U.S. Rep. Denny Heck keeps growing his enormous financial edge over Republican challenger Joyce McDonald, according to the latest candidate filings at the Federal Election Commission. It’s becoming a campaign issue.
After Heck failed to show up for a joint candidate forum sponsored by the Thurston County Gateway Rotary club on Wednesday morning, McDonald hit back. She said Heck’s $1.7 million in contributions was letting him use television ads and other means to avoid joint appearances.
“Denny hasn’t showed up for seven (forums) so far,” McDonald told the crowd that gathered at O’Blarney’s Pub at 7 a.m., adding that it was unfortunate that well-heeled incumbents can get around such venues. Asked later about campaign finance reform by forum moderator Doug Mah, McDonald got a few laughs when she said, “I’d like to limit my opponent’s.”
McDonald is running on a platform of reducing federal debt, improving the immigration system, and helping military veterans, while Heck runs on a platform of passing a budget that boosts jobs through investments, protects veterans, and fixes transportation problems. “Unfortunately I don’t have the money – I don’t have the big PAC money – to get that message out,” McDonald said.
Heck’s campaign manager Phil Gardner said the incumbent was in town, but had other commitments to constituents, whom he did not identify. Gardner noted that Heck met McDonald at a League of Women Voters forum in Olympia on Oct. 6 and plans to attend one at the the Summit Waller Community Association from 7 p.m. to 9 p.m. Thursday evening (Oct. 23) in Pierce County.
The 10th district takes in Olympia and most of Thurston County, and it runs northwest to Shelton and northeast to University Place and Puyallup.
Heck’s no-show drew a joking rebuke from one club member Martin McElliott who took the stage to make announcements and noted the Democrat’s campaign slogan, “Give Congress Heck.” “This morning, it was ‘To heck with Gateway Rotary,’ ” McElliott said.
And Mah, the former Olympia mayor, said later he supports Heck but was “disappointed” he could not show up. Mah said he’d worked well ahead of the event and thought he had a date workable for both campaigns.
FEC reports show that McDonald, a conservative from Puyallup and member of the Pierce County Council, picked up $33,106 in contributions and loaned her campaign $3,500 more in the 2-month reporting period that ended Sept. 30. This brought the total of funds available for her campaign to $72,831. At the same time, she lost ground on Heck.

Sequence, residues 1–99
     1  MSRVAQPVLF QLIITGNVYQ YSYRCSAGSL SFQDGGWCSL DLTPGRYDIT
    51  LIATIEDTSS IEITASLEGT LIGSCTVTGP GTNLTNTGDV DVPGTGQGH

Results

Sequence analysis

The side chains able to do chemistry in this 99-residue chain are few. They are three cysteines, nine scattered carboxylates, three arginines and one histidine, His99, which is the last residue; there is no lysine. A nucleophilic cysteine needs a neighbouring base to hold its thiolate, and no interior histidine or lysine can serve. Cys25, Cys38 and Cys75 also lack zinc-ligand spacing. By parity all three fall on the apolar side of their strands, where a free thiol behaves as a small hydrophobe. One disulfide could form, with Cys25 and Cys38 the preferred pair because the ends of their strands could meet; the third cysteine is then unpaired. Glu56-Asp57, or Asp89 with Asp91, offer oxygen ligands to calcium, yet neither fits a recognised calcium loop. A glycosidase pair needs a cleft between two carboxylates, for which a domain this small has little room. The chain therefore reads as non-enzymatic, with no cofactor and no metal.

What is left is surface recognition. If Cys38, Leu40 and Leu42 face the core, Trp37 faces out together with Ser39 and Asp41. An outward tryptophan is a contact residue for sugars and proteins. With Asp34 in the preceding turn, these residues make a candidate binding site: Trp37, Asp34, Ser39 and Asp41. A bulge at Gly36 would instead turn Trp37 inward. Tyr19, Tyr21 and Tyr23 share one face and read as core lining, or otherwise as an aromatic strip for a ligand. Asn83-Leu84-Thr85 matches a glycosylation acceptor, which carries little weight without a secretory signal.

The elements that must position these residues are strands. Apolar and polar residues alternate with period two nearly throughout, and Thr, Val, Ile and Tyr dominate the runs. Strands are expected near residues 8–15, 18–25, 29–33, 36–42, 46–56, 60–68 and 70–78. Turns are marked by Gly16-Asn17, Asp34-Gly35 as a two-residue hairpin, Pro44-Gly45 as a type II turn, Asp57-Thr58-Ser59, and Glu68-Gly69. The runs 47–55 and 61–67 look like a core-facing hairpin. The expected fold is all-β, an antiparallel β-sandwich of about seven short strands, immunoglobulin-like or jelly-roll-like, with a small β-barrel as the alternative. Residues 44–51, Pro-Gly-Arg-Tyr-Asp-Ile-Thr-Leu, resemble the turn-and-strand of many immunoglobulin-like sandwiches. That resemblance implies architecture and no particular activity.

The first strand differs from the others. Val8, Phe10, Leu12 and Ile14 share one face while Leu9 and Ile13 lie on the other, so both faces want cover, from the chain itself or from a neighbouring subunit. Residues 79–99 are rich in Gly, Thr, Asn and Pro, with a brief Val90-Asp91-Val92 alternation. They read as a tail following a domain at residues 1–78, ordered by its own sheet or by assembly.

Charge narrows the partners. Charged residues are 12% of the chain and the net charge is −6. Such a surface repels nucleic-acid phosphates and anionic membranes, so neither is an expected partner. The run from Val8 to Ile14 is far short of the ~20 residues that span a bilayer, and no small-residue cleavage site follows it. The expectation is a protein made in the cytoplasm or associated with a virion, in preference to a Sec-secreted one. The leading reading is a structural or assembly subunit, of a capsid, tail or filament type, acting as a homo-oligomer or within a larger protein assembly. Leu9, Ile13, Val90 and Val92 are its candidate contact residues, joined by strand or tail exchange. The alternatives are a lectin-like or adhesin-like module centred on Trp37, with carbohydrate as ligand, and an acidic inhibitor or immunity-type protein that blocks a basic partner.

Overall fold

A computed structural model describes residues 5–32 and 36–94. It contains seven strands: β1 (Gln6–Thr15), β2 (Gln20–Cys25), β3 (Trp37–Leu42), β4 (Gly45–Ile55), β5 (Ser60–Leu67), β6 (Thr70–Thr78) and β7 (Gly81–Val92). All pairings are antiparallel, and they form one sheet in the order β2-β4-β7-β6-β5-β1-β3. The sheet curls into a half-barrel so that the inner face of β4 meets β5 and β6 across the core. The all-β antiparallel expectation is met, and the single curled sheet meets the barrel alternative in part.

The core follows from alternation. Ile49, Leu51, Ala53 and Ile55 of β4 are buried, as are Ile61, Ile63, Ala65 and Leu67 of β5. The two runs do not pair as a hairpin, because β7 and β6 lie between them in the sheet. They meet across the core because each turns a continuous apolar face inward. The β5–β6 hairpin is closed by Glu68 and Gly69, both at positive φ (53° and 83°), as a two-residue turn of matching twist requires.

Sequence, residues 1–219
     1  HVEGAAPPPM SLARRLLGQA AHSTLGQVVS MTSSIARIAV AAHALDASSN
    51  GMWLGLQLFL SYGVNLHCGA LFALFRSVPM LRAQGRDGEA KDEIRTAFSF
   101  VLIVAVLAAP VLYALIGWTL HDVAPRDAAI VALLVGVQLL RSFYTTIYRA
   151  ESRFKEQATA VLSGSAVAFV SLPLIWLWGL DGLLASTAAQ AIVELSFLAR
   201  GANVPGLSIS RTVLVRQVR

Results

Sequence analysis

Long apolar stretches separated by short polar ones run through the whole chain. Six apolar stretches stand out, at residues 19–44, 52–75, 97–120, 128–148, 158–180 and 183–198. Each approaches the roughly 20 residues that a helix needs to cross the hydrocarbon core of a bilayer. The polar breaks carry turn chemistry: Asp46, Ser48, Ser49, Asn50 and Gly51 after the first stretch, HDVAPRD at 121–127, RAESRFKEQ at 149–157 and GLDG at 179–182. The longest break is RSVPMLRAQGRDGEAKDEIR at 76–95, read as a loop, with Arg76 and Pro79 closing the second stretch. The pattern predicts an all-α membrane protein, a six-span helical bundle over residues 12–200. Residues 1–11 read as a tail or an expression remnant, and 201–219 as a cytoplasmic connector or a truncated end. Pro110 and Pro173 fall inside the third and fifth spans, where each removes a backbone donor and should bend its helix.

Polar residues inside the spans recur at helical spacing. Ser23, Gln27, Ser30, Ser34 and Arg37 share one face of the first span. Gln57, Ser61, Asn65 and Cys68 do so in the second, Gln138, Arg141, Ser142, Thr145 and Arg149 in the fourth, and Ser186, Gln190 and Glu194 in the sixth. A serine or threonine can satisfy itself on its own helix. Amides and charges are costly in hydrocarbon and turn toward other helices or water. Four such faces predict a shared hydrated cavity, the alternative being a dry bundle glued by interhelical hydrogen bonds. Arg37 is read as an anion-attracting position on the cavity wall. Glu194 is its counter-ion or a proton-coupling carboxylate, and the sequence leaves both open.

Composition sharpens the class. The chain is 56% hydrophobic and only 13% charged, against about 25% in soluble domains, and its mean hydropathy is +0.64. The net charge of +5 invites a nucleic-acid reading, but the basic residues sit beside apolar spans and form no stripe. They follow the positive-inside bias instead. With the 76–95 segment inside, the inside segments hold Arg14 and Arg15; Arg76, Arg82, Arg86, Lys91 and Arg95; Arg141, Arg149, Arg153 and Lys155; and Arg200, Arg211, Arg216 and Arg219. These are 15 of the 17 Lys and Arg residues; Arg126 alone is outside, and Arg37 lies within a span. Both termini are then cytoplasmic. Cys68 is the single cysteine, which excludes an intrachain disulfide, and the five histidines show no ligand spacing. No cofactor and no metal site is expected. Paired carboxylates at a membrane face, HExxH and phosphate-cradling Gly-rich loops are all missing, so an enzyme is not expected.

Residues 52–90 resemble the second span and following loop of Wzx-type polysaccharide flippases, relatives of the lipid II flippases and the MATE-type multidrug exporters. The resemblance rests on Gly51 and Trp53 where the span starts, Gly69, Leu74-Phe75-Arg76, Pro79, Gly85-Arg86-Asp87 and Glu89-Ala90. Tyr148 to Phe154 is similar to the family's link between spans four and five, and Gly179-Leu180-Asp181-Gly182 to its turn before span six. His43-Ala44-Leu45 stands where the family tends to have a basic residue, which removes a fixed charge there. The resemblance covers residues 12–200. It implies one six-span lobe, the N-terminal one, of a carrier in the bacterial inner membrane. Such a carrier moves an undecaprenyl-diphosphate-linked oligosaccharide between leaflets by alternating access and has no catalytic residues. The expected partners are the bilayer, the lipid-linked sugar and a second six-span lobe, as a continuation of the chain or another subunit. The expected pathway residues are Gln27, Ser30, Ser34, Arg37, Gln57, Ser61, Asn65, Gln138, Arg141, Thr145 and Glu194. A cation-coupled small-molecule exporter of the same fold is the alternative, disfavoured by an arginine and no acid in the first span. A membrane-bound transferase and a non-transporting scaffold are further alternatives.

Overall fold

That is because Heck, a former state House majority leader and entrepreneur from Olympia, raised $317,461 during the same period. Of the $1.7 million he has amassed, more than half of it (over $880,000) is from political action committees including labor groups and such PACs as the one for Boeing, the FEC data show.
The incumbent won the primary with just over 51 percent of the vote and more than 10 percentage points ahead of McDonald. The funding edge has let Heck go up on television with two ads, while McDonald is struggling even to send a mailing.
Heck’s second ad touted his work for veterans and at Joint Base Lewis McChord, in the heart of the district.
The candidates differ strongly on most issues. Heck favors increasing federal spending to invest in roads and infrastructure while blunting cuts to the JBLM operation. McDonald agrees on blunting military cuts locally but otherwise favors cutting federal outlays to reduce growth in the federal debt. The rivals also differ on the threat posed by climate change, how to handle immigration and other measures.
In the forum, McDonald said concern for veterans and transportation are areas where the two candidates share concern. Both candidates also want to find funds to complete the State Route 167 spur from Puyallup to the Port of Tacoma.
State Republicans haven’t done a lot for McDonald, and neither has the Republican National Committee, which McDonald said has written off the Evergreen State. The result, she said, is she won’t be beholden to anyone if she wins.
Last week Rob McKenna, the former two-term state attorney general and an influential figure in the party, put out an email to his supporters asking them to step up for McDonald.
“Despite being outspent 17 to 1 by the current incumbent, Joyce had a strong showing in the August primary and even won Pierce County, which her opponent won by 11% just two years ago (Pierce County voters are approximately 60% of the 10th Congressional District). Her opponent was also down 4% from his 2012 totals in both Thurston and Mason Counties,” McKenna’s letter stated.
Heck’s fund-raising and ads offer the best proof he isn’t taking the race lightly. His volunteers are also doing more calling from phone banks than they did in 2012 when Heck became the first member of Congress to represent the newly formed district.
“We’re raising enough to do the stuff we want to do – most of all our get-out-the-vote (phone) campaign,’’ campaign manager Gardner said.
Gardner noted there is not as much political campaign activity in the district this year because there is no presidential or U.S. Senate campaign.
“This time around he’s the only one in the district talking about politics very much,’’ he said.